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FCA Found Partially Liable For Loss Caused By Errors in Financial Services Register

The Financial Regulators Complaints Commissioner has recommended that the Financial Conduct Authority makes an ex gratia payment of £6,500 to an individual complainant. The recommended payment represents 50% of the total loss suffered by the Complainant as a result of errors in the Financial Services Register.

The Complaints Commissioner acknowledged that the FCA should not be deemed to generally warrant the accuracy of the Register. However, this was “not an ordinary case”, as the Register inaccuracies stemmed from “two serious errors” made by the FCA. The Complaints Commissioner also recommended that the FCA should undertake “a review of its processes to reduce the risks”.

The Complaint

The Complainant contacted the FCA on 16 May 2018 to confirm whether a potential investment opportunity was legitimate. The call handler at the FCA told the Complainant that the firm in question was part of an Austrian firm and eligible to operate in the UK under EU passporting laws. The call handler told the Complainant that she should contact the Austrian regulator to confirm what permissions the firm had and what products it was authorised to offer. The Complainant contacted the Austrian regulator but did not await a response before investing in the firm the next day. The firm was a clone and she lost all of her £13,000 investment.

The Complainant initially complained to the FCA. The FCA rejected the complaint so the Complainant took her case to the Complaints Commissioner.

The Complaints Commissioner found that the then FCA had made a number of errors including:

  1. Registering a passport request for the firm notified by the Austrian regulator under the wrong name.

  2. When alerted that the firm’s passport should be revoked, the FCA instead made a second entry registering the firm under its correct name.

The FCA was found to have given the Complainant “good advice” to contact the Austrian regulator and conduct her own “further due diligence” before investing. The Complaints Commissioner found that had the Complainant waited for the Austrian regulator’s response, she would have discovered that the firm was no longer authorised. However the Complaints Commissioner also considered the fact that the Register was incorrect and “that the FCA Complaints Team did not uncover the extent of the regulator failings”. He found that these failings had contributed to the Complainant’s loss, and called for a 50% compensatory contribution from the FCA.

The FCA’s response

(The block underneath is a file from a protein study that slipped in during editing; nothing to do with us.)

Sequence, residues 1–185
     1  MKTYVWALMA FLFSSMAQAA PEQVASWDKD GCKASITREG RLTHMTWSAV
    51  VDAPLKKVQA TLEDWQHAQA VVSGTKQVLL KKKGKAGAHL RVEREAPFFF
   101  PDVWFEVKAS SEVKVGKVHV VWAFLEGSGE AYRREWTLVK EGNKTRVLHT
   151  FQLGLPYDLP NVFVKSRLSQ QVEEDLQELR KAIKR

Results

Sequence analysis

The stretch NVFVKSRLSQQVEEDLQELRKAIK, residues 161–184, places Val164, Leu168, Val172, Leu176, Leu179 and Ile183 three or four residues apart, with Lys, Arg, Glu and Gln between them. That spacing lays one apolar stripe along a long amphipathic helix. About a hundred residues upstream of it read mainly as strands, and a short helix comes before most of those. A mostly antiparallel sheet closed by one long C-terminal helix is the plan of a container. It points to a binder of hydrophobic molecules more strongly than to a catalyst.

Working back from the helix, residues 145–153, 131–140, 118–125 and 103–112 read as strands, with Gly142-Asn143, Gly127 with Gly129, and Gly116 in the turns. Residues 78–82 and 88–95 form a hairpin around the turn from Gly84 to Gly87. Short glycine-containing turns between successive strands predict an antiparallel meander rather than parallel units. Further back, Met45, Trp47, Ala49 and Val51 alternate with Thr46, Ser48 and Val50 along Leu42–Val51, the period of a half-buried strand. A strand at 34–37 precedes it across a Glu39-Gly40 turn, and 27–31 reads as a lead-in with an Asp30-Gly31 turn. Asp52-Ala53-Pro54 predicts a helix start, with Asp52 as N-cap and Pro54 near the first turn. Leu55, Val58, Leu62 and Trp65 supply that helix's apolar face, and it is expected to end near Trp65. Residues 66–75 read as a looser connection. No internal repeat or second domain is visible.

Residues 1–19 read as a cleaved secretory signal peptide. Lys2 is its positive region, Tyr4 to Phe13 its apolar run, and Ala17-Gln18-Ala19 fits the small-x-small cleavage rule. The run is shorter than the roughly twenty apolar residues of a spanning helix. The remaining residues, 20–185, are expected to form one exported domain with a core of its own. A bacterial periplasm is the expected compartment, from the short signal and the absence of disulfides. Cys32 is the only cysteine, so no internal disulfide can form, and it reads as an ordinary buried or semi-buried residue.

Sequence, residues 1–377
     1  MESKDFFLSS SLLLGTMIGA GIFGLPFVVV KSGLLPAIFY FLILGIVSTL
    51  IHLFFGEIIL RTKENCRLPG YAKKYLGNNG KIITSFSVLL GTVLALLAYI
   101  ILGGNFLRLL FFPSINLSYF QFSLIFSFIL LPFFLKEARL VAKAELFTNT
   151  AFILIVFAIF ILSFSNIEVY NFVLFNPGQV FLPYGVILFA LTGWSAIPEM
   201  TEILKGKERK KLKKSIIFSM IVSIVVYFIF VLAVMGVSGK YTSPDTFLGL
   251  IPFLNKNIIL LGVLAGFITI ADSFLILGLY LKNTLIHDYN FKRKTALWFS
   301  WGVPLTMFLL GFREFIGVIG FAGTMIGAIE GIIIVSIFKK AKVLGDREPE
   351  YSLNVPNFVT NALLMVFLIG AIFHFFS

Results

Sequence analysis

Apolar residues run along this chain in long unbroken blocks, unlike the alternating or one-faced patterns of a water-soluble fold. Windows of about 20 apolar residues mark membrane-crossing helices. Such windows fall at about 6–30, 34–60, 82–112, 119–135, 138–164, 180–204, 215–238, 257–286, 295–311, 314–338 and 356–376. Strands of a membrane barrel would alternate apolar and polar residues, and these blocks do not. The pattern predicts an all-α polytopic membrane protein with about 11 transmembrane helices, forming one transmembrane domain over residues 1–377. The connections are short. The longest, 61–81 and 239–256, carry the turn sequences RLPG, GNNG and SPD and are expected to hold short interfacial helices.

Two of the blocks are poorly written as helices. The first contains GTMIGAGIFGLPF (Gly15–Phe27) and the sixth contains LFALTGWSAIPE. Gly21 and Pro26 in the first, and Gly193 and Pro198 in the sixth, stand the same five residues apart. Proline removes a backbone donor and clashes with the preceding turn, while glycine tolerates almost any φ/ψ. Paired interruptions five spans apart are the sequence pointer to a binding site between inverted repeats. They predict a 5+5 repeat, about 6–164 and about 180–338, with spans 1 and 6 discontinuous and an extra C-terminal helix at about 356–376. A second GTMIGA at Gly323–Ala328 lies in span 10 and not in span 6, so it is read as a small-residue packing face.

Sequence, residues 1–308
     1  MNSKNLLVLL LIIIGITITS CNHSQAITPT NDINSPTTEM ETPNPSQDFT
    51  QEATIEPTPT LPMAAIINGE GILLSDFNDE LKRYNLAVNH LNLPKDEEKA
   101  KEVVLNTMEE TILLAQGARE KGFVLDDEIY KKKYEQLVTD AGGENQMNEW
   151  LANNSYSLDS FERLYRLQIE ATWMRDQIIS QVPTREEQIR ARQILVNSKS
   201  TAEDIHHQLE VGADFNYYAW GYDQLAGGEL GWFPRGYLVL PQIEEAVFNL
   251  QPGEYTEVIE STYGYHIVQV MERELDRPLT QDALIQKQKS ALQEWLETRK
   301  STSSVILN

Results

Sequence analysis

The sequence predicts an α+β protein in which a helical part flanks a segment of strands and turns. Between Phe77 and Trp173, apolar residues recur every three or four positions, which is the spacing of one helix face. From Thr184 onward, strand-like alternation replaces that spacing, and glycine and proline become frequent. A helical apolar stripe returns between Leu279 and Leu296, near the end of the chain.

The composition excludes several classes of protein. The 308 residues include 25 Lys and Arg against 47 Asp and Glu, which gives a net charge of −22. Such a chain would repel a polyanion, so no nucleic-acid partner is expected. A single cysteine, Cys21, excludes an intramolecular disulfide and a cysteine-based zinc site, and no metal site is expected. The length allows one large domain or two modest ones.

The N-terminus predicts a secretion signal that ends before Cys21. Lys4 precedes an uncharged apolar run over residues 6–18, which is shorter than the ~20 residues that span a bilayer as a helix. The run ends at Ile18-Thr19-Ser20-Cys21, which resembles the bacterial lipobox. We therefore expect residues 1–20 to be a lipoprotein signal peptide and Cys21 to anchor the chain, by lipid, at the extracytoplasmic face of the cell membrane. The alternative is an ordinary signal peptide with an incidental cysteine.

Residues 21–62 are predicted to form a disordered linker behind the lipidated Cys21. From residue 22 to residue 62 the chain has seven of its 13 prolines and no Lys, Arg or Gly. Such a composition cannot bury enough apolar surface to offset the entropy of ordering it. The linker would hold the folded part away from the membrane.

The FCA has responded that it is unable to accept the Complaints Commissioner’s recommendation to make a payment. The FCA’s stance is that it has no obligation, whether under statute or common law, to pay compensation for errors in the Register. The FCA’s view is that, were it to accept the Complaints Commissioner’s recommendation, “it would amount to the FCA warranting to the public that all entries on the Register are accurate, which as noted, is a position [the FCA is] unable to accept”.

The FCA has also pledged to undertake an extensive review in order to check how it can assure and ensure the accuracy of its data.

Need for reform?

The case is a reminder that there are improvements to be made before the Register can be wholly relied upon. In the wake of the collapse of London Capital & Finance, there have also been requests for the distinction between (i) regulated activities which firms have permission to undertake and (ii) the unregulated activities firms carry out to be clarified and documented on the Register.

Whilst the FCA itself advises people to only deal with authorised firms and to check the Register to ensure this is the case, this instance serves as a warning to proceed with caution when using the Register

© Copyright 2020 Squire Patton Boggs (US) LLP


About this Author

Thomas Bowie UK Squire Patton Boggs FCA PRA Compliance Financial Services Practice Group

Thomas Bowie is an associate in the Financial Services Practice Group. He works on a diverse range of regulatory matters, and advises on compliance with the FCA/PRA rules and implementation of EU legislation in the UK (including MiFID II/R, EMIR, AIFMD, 4MLD, 5MLD, and PSD2). Tom acts for clients across EMEA, North America and Asia Pacific ranging from start-ups to international organisations, including banks, stockbrokers, investment managers, private equity firms, insurers and intermediaries.

Tom has a keen interest in fintech and innovators who enable access to traditional...

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